A Closer Look at China’s Wind Power Plan

The regime will add another 31 gigawatts of wind power in 2016, but how much of it will the country actually use?
March 21, 2016 Updated: March 26, 2016

Western idealists often portray China as a country that “can get things done,” be it investment in infrastructure or the expansion of renewable energy. What they often fail to ask is whether the done things will actually be useful.

On March 21, China announced it will increase total wind power capacity by 22 percent to 139 gigawatts (GW). This is right on track to achieve its ambitious target of 200 GW by 2020.

As a comparison, the United States has 74 GW installed at the end of 2015 and no ambitious plan to boost it to 200 anytime soon.  

China’s wind farms are under-performing.
— Michael Davidson, TheEnergyCollective

The main difference: The United States actually uses most of the installed capacity and China doesn’t.

“Comparing to the United States, which consistently has an edge in terms of utilization of its wind turbines, China’s wind farms are under-performing,” writes Michael Davidson at The EnergyCollective.

On the surface, there are two major problems that lead to windmills being built but not being used.

No Connection

The first reason is that they are not connected to the national power grid. According to Michael Davidson’s latest estimates, as much as 20 percent of total wind capacity wasn’t connected to the power grid in 2012, although there have been improvements since.

China has also indicated it will build more high-power transmission lines to transport the energy from the wind-rich but population-poor region of Northeast China to the energy consumption-heavy population centers on the coast.

According to the China Wind Power Review and Outlook, installed capacity in three northeastern regions accounted for 50 percent of total installed capacity as of 2014, but those regions only consume 10 percent of the nation’s electricity.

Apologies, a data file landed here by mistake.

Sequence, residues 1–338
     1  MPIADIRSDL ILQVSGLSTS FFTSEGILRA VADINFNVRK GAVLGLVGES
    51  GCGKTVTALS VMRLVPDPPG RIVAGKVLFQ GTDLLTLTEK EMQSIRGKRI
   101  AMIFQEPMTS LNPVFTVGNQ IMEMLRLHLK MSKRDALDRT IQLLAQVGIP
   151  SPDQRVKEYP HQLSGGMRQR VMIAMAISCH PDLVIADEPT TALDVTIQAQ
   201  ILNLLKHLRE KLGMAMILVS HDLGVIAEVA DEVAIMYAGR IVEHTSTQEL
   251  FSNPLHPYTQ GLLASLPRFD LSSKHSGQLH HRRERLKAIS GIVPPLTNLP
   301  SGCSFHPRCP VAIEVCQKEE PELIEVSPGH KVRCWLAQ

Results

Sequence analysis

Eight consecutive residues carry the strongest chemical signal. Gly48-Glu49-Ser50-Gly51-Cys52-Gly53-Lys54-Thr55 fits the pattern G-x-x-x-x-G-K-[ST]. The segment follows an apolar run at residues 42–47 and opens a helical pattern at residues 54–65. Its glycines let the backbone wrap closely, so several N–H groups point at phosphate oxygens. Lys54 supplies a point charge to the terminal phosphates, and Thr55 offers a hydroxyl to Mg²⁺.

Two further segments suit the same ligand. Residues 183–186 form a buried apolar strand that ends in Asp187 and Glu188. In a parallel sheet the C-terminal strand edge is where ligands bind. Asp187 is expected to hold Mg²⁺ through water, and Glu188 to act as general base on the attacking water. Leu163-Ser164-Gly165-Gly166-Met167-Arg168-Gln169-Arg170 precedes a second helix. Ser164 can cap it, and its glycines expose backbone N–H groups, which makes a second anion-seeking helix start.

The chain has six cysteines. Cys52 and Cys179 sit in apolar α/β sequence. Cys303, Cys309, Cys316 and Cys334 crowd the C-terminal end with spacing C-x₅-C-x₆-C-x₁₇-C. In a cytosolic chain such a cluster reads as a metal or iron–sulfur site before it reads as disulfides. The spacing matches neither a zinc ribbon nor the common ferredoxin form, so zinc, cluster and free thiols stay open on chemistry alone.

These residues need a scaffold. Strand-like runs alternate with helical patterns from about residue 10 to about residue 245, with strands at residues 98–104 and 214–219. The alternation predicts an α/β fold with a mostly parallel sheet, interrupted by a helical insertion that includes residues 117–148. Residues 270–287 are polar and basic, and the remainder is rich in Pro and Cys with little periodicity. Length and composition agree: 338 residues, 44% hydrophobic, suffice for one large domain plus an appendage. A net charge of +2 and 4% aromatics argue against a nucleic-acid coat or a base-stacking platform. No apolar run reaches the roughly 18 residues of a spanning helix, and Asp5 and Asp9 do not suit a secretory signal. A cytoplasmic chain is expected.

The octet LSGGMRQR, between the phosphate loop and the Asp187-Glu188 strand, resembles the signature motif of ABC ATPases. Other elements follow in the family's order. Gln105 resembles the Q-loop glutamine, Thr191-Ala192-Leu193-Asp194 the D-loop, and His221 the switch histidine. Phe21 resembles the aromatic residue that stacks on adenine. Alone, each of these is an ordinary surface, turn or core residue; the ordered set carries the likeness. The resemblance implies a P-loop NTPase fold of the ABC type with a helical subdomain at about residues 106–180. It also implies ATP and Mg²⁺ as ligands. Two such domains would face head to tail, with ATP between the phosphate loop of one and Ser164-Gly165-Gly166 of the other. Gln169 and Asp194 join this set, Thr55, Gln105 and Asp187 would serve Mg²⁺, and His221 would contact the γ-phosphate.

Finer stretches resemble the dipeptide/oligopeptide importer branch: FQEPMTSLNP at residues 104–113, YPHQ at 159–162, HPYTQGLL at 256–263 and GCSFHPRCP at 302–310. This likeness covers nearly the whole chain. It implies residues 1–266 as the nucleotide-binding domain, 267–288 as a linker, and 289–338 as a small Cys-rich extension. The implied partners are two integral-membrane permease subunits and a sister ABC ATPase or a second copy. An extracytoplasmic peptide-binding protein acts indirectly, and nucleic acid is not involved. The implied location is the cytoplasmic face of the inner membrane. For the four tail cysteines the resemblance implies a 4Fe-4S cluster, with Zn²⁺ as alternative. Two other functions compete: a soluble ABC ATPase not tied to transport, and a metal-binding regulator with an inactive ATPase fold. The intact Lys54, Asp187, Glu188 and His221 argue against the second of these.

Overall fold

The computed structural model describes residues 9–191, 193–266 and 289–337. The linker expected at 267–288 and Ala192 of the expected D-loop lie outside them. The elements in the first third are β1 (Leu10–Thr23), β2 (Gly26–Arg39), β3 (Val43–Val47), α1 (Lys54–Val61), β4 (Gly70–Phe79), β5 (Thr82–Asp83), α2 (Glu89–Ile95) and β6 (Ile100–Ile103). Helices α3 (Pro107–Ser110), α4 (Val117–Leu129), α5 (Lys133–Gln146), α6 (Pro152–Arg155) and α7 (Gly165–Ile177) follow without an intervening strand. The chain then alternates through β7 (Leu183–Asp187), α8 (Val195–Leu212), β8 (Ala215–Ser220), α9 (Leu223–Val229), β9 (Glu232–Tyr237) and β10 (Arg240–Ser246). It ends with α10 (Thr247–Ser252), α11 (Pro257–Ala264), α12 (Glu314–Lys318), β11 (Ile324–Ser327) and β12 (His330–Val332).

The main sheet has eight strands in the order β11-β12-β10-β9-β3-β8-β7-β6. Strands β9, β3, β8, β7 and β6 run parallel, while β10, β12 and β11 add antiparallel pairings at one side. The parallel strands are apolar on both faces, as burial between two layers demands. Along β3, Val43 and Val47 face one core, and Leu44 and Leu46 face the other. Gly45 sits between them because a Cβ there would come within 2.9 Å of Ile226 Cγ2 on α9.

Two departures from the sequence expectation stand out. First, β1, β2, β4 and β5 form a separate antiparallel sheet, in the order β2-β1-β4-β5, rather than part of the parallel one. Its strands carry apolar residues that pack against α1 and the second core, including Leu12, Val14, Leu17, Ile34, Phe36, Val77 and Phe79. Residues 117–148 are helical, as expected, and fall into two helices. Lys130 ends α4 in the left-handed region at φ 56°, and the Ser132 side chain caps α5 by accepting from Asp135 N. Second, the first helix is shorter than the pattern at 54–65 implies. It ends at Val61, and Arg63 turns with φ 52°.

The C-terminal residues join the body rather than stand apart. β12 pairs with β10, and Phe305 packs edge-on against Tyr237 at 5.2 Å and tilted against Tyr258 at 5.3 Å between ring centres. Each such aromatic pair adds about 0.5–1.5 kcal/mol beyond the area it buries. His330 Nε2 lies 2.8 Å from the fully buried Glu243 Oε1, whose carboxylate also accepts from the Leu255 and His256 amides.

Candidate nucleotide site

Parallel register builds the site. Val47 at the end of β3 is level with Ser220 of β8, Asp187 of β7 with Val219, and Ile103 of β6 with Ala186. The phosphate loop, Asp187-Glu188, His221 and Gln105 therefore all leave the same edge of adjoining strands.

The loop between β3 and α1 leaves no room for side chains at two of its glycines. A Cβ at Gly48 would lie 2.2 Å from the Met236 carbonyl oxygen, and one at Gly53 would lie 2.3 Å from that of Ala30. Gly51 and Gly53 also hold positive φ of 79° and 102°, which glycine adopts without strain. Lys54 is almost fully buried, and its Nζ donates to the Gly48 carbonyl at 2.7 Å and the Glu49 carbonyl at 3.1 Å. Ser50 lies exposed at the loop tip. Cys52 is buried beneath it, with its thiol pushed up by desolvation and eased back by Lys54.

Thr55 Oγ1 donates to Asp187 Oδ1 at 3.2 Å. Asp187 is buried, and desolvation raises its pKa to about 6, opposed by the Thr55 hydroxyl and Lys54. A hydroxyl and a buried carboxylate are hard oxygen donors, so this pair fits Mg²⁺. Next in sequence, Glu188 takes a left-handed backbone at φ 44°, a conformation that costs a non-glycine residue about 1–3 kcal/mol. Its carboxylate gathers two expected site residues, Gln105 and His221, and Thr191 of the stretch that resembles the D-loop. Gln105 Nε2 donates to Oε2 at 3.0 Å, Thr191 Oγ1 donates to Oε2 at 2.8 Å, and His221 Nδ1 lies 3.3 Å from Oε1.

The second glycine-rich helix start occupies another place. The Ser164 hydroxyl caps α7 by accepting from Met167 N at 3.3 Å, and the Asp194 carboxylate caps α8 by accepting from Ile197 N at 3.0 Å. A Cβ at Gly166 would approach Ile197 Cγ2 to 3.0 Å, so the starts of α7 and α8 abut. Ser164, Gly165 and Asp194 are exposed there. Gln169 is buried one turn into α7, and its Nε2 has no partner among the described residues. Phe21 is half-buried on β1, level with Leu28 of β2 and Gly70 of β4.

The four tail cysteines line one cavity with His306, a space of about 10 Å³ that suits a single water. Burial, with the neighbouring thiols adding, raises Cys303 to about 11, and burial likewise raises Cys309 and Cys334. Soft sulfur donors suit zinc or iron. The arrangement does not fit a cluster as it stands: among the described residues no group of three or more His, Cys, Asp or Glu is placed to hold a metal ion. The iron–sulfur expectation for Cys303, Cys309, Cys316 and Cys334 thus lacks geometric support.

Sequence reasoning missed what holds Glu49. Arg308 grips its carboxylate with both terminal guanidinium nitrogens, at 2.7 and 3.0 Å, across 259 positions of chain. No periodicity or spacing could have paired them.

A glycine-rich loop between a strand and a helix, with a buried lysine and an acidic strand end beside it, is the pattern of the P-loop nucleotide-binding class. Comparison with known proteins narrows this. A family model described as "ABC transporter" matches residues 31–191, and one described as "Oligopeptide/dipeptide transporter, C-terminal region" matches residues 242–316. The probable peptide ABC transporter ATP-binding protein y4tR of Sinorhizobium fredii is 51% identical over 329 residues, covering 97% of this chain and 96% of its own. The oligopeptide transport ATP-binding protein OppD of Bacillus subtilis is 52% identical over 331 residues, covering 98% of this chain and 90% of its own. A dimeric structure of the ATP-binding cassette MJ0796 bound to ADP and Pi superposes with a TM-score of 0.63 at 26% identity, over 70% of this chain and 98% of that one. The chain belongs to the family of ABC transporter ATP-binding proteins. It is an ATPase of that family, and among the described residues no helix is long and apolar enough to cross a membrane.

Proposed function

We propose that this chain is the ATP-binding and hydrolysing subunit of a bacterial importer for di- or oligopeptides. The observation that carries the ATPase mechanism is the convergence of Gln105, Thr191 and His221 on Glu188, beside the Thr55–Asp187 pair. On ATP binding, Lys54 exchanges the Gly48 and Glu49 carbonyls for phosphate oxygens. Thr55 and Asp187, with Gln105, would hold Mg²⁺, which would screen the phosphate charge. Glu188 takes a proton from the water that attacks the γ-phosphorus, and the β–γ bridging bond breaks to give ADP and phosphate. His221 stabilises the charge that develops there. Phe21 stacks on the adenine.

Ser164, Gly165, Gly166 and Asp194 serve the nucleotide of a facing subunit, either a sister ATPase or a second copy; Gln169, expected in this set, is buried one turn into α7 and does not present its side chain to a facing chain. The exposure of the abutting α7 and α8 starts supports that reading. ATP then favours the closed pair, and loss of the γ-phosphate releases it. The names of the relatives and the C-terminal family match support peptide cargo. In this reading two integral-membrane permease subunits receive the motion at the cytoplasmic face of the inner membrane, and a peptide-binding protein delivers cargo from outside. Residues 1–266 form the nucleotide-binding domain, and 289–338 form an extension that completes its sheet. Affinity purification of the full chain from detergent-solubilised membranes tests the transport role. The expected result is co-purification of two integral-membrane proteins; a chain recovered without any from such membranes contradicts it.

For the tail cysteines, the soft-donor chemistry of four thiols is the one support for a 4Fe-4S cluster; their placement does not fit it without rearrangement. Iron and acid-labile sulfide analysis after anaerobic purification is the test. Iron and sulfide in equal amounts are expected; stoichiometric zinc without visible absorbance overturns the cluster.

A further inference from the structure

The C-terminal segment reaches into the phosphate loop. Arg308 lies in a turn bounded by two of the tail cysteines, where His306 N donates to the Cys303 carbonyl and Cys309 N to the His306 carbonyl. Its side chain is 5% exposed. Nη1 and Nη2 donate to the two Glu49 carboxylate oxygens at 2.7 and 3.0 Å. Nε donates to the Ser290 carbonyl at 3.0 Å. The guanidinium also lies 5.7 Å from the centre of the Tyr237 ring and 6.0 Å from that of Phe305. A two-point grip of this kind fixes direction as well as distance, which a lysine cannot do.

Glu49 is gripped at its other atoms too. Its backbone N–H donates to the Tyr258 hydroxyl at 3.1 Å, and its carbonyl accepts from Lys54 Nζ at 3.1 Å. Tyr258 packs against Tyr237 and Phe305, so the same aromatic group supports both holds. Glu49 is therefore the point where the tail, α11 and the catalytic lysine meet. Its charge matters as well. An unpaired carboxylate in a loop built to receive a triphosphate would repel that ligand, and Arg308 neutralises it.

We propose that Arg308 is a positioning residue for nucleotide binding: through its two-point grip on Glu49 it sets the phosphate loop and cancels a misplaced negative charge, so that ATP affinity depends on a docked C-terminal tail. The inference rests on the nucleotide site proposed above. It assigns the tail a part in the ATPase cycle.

“The electricity cannot be consumed locally and transmission is needed to send the wind electricity to the load centers in the east,” states the report. Some of the farms probably never will.

Until the wind energy can actually be transported to where it’s needed, the windmills will not only stand idle, but also be blasted by sand 24/7 because the northeastern regions not only have a lot of wind, but also a lot of sand, which wears on the turbines.

In 2010, Miao Wei, the then vice minister of the Ministry of Industry and Information Technology, said China should not build too many wind farms because the equipment will inevitably be damaged by the sand, according to the Beijing Times.

This wasteful investment is a direct result of a completely warped incentive system.

Too Much Power

But it gets worse. Even if the wind farms are connected to a grid, the grid operators didn’t use or “curtailed” as much as 20 percent of wind energy production in 2011 because they had to use energy from coal power plants instead.

“Grid operators make decisions a day ahead on which thermal plants to turn on, so if wind is significantly higher than forecasted 24 hours before, the difference may be curtailed to maintain grid stability,” writes Davidson.


This wasteful investment is a direct result of a completely warped incentive system on the central and local government level, writes Mark DeWeaver in his book “Animal Spirits With Chinese Characteristics.”

“As the [central government] targets are for capacity rather than annual production, an incentive was created to build in the windiest locations regardless of their proximity to the existing transmission network or the economic feasibility of installing new power lines,” he writes.

Because local governments compete against each other on the capacity targets, they went to work and built the capacity irrespective of economic feasibility. Even former vice minister Miao Wei said Chinese wind farms are mostly image projects with the sole purpose of making the local official look good.